ICE's Bed Mandate:  Who Benefits?

During the last years, it was observed that illegal crossings along the U.S.-Mexican border have diminished greatly.  The Administration’s DACA policy has saved hundreds of thousands of young people from possible deportation.  The GOP is pressing for deep cuts in the federal budget. So why is ICE locking up more persons than ever before, and spending much more money than in previous years? The simple answer is the bed mandate.

 

According to Carl Shusterman, a former INS trial lawyer, back in 2009, the late Senator Robert Byrd (D-VA) amended a DHS appropriations bill to require ICE to keep a minimum of 33,400 persons locked up at all times.  ICE thus became the only agency in the entire federal government to have a minimum quota on the number of people that they must keep in jail.  Congress later raised the bed mandate to 34,000. Since 2005, the number of persons in ICE detention has risen 72%, and this costs the taxpayers $2 billion annually.  Even former DHS Secretary Janet Napolitano calls the bed mandate artificial and unnecessary.  Instead of releasing low-risk persons with ankle bracelets, ICE is forced to spend $120 per prisoner per day.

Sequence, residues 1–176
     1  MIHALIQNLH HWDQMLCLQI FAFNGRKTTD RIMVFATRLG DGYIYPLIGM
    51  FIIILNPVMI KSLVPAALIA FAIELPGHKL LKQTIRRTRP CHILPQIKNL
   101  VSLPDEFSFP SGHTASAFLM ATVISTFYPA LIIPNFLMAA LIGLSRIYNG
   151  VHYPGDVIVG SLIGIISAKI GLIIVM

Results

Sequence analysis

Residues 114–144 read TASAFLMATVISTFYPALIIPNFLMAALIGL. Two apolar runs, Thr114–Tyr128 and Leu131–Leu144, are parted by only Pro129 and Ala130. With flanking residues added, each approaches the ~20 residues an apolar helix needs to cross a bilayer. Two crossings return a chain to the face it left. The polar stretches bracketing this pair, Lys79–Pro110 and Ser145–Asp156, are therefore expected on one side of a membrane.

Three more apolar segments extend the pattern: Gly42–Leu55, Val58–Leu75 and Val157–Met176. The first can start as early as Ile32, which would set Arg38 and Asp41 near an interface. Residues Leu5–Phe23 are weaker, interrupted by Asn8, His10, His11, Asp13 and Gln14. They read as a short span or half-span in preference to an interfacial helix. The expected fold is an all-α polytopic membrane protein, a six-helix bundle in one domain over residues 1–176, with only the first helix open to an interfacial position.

Ironically, the GOP has blocked efforts to repeal the bed mandate even though it smacks government waste and inefficiency. Why GOP has blocked this effort?  The answer is that ICE's Bed Mandate is wealthiness that benefits private companies. 

Private companies, the Corrections Corporation, and Geo Group imprison over 60% of ICE detainees.  The stock of these two publicly traded companies has roughly doubled over the past 3 years.  In messages issued in 2012, an ICE administrator ordered employees to increase arrests in order to comply with the bed mandate.  These days, the former ICE administrator is, guess what, an executive for one of the companies mentioned above.

The Comprehensive Immigration Reform (CIR) bill passed by the Senate last June would give ICE more discretion in determining whom to imprison and whom to release.  However, according to Shusterman, "if you own stock in the companies listed above, don’t sell your shares just yet. GOP Senators inserted an amendment into the CIR bill which would compel ICE to triple arrests in the Southwest."  Over 10 years, this would probably increase the cost of incarcerating inmates by over $1.5 billion. It seems to be great news for stockholders, however, for taxpayers, it’s just another example of government waste.